A screening assay was performed which identified quinine and quinidine as two compounds each capable of inhibiting the interaction between AGE and RAGE. The assay was performed as follows: CML-modified AGE-BSA was affixed to a plastic dish in an appropriate binding solution. Radiolabelled V-domain of RAGE was admixed to the solution with either unlabelled quinine or qunidine. The results of the assay showed that both qunine and quinidine were able to decrease the binding of the V-domain of RAGE to AGE. The present invention provides for a method for inhibiting the interaction of an advanced glycation endproduct with a recepotr for advanced glycation endproducts in a subject which comprises administering quinine or a derivative thereof or quinidine or a derivative thereof in an amount effective to inhibit the interaction of AGE with RAGE in the subject. For example, a derivative of quinine may be prepared by chemical modification of quinine which chemical modification alters the structure of quinine but does not alter the charge of the quinine molecule. For example, the charge distribution over the molecule will remain the same, however, the chemical structure itself may be altered. In addition, a derivative of quinidine may be prepared similarly as above described for quinine. Again, the charge of the quinidine molecule would not change following the chemical modification, however the chemical structure of the molecule may be altered.
Advanced glycation endproducts (AGEs) are heterogeneous compounds that form in hyperglycemia, highly-oxidized environments and renal failure. AGEs accumulate in the plasma and tissues of patients with diabetes; their presence has been linked to the development of medical complications. Interaction of AGEs with Receptor for AGE (TAGE) activates cells such as endothelial cells (Ecs) and monocytes (Mps) in a manner favoring the development of vascular/inflammatory cell complications. AGEs consist of structures such as carboxymethyl-lysine and pentosidine (both free and protein-bound forms). To begin to delineate which AGE forms interact with RAGE, we prepared free CML and pentosidine, as well as CML- and pentosidine bovine serum albumin (BSA) and ovalbumin (OVA). CML-BSA and CML-OVA bound immobilized RAGE in a dose-dependent and saturable manner, with Kd=60 nM, a process inhibited in the presence of anti-RAGE IgG and soluble RAGE (sRAGE), but not by nonimmune IgG, BSA, OVA, free CML or free pentosidine. Exposure of Ecs to CML-OVA activated NF-κB and increased binding of Molt-4 cells (which bear the counter-ligand for VCAM-1, VLA-4); processes blocked in the presence of anti-RAGE IgG. In contrast, pentosidine-BSA was without effect. Furthermore, exposure of MPs to CML-BSA or CML-OVA activated NF-κB in a RAGE dependent manner. Pentosidine BSA was without effect. These data identify CML modifications of proteins as ligands of RAGE that activate cell signalling pathways and alter gene expression. Taken together, these data provide an improved understanding of pathogenic AGEs in disorders such as diabetes, and provide a framework for identification of targetted inhibitors.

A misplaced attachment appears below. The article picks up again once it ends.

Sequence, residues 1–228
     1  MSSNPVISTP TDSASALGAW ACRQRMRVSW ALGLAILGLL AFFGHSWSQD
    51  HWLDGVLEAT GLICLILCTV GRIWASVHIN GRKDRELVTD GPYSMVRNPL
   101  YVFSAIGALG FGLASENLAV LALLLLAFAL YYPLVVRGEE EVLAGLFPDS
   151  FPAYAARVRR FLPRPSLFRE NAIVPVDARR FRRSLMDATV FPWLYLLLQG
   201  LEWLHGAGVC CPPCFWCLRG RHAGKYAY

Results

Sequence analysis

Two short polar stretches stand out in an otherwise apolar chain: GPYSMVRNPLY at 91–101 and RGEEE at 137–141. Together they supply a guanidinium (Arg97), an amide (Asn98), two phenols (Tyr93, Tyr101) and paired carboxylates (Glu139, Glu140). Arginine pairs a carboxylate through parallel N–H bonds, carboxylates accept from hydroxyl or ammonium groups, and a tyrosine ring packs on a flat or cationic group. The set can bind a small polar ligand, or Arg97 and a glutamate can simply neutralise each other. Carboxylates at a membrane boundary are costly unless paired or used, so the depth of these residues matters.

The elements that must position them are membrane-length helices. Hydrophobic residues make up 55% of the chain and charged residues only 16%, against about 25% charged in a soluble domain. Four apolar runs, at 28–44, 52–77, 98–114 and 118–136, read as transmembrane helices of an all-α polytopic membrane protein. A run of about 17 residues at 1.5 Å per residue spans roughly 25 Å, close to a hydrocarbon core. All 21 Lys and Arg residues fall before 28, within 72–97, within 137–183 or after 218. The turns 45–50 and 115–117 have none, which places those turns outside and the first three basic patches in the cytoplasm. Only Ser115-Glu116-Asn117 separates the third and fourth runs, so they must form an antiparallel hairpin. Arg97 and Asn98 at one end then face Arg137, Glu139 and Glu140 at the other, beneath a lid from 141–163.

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|U.S. Classification||435/7.1, 530/387.3, 530/388.22, 530/350|
|International Classification||A61K31/49, G01N33/566, G01N33/68, G01N33/50, A61P3/04, G01N33/15, A61P3/00, A61P37/06, A61K31/472, C12N5/10, A61K9/12, C12Q1/68, A61P13/12, C07K14/705, A61K9/50, A61K45/00, A61K9/127, C12Q1/02, A61P29/00, A61P3/10|
|Cooperative Classification||G01N2500/00, G01N33/68, C07K14/705, G01N33/6842, G01N33/566|
|European Classification||G01N33/566, G01N33/68, C07K14/705, G01N33/68A8|